When Will There Be Real Tax Reform
It is a matter of history that the deterioration of the Australian taxation system began shortly after the government of Mr. Robert Hawke took office in 1983. Until that time Australian income tax law had been simple and easy to understand and comply with. But the Treasurer, Mr. Paul Keating, soon began to introduce complex legislation on such matters as fringe benefits, capital gains, income derived abroad, imputation credits and literally hundreds of other matters. The income tax legislation soon doubled in size, and then trebled. Not only was much of the new legislation difficult to understand, but burdens of compliance increased commensurately.
The critical event at this time was that the initiative in tax matters passed from the government to the Australian Taxation Office. This was unfortunate for the future of taxation policy, for the A.T.O. has for many years been left-of-centre, with promotion generally denied to those who are not Australian Labor Party supporters, and has been actively anti-business and anti-wealth-creation. Under Mr. Keating, who was largely inexperienced in taxation matters, control of policy passed to these elements in the A.T.O.
When Mr. Peter Costello became the Treasurer in 1996 there was no essential change in taxation policy. This was left in the hands of radical elements in the A.T.O., and their views were even more acceptable to Mr. Costello than they had been to Mr. Keating. Indeed, in taxation matters Mr. Costello's position has appeared to be consistently to the left of Mr. Keating.
The spate of new tax legislation therefore did not diminish, and its frequency and complexity brought it steadily out of the range of understanding of most lawyers and accountants. Presently there are only a very small number of specialists in large solicitors' or accountants' firms who are familiar with even the main elements of taxation legislation, and probably none who are familiar with it all.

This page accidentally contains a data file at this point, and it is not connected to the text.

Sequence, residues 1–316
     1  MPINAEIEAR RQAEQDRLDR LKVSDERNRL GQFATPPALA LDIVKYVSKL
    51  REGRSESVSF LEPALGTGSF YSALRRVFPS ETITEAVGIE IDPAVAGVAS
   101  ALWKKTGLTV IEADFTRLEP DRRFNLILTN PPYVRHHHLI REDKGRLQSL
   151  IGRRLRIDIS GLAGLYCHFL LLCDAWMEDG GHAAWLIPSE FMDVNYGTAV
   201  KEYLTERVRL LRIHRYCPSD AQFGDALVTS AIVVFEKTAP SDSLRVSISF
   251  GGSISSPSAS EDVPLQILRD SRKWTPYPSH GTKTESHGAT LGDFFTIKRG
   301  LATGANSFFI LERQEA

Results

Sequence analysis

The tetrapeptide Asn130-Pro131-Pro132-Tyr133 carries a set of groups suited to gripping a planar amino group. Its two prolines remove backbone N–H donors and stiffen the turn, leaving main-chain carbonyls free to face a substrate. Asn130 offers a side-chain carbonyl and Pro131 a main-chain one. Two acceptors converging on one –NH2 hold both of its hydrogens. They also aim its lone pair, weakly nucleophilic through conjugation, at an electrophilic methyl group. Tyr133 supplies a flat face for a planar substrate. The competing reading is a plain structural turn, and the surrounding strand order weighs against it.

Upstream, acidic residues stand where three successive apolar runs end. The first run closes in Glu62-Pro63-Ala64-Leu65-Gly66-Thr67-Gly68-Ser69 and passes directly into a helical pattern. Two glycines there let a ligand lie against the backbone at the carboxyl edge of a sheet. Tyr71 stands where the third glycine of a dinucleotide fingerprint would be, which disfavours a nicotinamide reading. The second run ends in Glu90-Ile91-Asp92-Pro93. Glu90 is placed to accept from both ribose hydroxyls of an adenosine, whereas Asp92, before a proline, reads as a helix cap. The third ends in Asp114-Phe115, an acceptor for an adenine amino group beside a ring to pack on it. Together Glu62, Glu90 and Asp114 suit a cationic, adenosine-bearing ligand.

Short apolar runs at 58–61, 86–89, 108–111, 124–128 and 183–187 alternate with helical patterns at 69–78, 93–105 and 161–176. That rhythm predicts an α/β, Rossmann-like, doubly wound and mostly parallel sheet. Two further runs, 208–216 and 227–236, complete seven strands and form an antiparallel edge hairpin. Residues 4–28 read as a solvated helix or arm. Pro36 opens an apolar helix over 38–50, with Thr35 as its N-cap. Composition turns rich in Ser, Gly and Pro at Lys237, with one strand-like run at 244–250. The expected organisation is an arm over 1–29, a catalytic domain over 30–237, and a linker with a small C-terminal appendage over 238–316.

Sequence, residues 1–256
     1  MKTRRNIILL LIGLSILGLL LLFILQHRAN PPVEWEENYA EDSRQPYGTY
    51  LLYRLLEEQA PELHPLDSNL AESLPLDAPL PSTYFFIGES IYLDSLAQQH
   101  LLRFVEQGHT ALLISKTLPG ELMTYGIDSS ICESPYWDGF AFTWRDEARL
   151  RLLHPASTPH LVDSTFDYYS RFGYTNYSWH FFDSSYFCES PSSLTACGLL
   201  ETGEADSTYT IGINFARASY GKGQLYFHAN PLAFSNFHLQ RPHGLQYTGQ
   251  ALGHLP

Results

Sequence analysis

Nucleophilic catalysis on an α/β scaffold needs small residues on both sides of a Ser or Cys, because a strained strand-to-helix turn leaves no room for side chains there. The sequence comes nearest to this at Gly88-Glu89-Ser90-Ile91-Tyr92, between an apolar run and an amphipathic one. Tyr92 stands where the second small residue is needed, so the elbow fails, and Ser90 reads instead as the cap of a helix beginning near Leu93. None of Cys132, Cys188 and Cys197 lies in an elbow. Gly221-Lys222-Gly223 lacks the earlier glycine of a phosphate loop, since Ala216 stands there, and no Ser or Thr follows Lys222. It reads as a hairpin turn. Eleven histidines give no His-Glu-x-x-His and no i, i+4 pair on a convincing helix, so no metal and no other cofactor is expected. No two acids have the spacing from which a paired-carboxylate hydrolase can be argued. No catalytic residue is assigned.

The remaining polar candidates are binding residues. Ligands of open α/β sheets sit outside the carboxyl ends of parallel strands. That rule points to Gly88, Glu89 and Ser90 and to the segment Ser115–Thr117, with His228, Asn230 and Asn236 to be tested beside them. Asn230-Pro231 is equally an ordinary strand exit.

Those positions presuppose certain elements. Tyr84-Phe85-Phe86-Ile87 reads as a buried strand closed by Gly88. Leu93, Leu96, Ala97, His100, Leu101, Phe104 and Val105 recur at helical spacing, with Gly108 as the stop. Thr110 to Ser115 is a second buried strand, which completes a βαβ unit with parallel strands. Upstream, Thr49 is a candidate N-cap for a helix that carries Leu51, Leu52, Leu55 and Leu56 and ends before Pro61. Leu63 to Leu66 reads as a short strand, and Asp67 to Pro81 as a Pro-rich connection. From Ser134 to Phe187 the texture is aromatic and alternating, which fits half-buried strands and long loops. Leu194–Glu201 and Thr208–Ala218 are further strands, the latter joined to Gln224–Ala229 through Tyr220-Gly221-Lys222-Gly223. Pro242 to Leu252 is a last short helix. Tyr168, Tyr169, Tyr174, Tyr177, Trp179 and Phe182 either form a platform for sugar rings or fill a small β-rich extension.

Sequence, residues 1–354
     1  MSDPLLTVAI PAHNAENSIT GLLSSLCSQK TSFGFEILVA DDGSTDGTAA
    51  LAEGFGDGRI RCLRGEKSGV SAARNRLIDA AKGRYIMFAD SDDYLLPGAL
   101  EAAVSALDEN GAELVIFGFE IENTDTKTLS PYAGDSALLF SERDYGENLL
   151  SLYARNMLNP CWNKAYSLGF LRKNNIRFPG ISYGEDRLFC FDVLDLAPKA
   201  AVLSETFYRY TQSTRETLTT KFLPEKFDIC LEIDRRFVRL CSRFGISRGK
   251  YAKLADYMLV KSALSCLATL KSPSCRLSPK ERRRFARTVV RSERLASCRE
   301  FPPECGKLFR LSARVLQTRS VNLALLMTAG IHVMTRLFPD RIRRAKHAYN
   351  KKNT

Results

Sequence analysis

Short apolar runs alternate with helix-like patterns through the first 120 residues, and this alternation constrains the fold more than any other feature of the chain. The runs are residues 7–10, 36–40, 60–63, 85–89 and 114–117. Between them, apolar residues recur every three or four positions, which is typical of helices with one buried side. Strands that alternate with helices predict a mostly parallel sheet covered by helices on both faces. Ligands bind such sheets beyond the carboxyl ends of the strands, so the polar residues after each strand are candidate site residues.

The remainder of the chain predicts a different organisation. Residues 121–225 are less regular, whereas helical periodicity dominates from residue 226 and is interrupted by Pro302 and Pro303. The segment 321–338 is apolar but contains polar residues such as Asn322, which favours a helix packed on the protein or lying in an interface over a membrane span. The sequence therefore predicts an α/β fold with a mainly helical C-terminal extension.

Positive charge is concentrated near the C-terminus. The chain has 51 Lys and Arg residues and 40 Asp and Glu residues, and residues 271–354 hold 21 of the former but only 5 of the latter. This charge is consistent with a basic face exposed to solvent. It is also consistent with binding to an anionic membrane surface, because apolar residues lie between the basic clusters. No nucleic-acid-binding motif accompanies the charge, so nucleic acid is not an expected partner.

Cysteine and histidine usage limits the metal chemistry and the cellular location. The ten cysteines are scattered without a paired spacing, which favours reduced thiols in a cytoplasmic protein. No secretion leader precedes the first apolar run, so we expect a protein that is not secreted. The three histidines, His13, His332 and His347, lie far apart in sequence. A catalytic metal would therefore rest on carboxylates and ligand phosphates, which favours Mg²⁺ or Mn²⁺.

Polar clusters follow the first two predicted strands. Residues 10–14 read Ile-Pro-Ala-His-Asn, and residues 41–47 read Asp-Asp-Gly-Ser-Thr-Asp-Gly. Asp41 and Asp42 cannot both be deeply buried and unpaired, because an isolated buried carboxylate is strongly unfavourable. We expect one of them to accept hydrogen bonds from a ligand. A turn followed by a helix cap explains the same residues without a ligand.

The matter was exacerbated by the introduction of Goods and Services Tax legislation in 2000. The burden upon the business community became even greater; and for many it became insupportable, with ensuing bankruptcies or closures. The enormous cost borne by taxpayers (in terms of both liabilities to new taxes and excessive compliance burdens) has been of little concern to governments or to A.T.O. officials.
In consequence of changes under the auspices of Messrs Keating and Costello the Australian taxation system has deteriorated to the extent that it has become an extremely serious and unnecessary burden. High marginal income tax rates apply, indirect taxes have increased, and, as noted above, the system has become incomprehensible to all but a negligible number of experts, with encrustations upon encrustations of complexity.
What can be done to overcome these disastrous developments?
First, there should be a dismantling of the tax policy section of the A.T.O. and the supporting tax policy section of Treasury. The bureaucrats in these offices have been able to persuade gullible ministers to adopt the multitudinous measures that have had such deplorable consequences. They are ideologically radical, are hostile to the private sector, and will only worsen the existing position if they are allowed to continue. In particular, the more legislation the tax policy bureaucrats produce, and the greater its complexity, the more employment and promotions for themselves. The opportunity for self-advancement at the expense of the taxpayers is too great.
Secondly, there must be a complete reassessment of the Australian taxation system and its replacement by a completely new system. The present system has become impossible to simplify. It must be scrapped. Experience of taxation legislation has shown that the gradual assembly of complex structures based on amendments after amendments cannot be undone. To the contrary, yet further amendments follow further amendments, and the progression is geometric: that is, the greater the quantity of potentially amendable provisions, the greater the number of amendments, and so on and so on.
Who should be appointed to examine new systems? It should not be a person such as Mr. John Ralph, whose recent enquiry was of negative value, and who was unduly influenced by A.T.O. bureaucrats selected by the government to guide him. A future enquiry will have no value unless it is conducted by a person who is completely free from government influence and who also will not be influenced by politically-correct dogmas. The enquiry should be far-reaching, and should extend to all aspects of the Australian taxation system — to direct as well as indirect taxes — and should compare that system with superior foreign systems (including flat-rate income tax systems that prevent bracket creep) and with two per cent expenditure tax systems, and make appropriate recommendations.
A defective taxation system undermines incentives and national prosperity. This has occurred in Australia, and with the current system beyond repair and continually deteriorating, the search for a new system should not be deferred.
National Observer No. 48 - Autumn 2001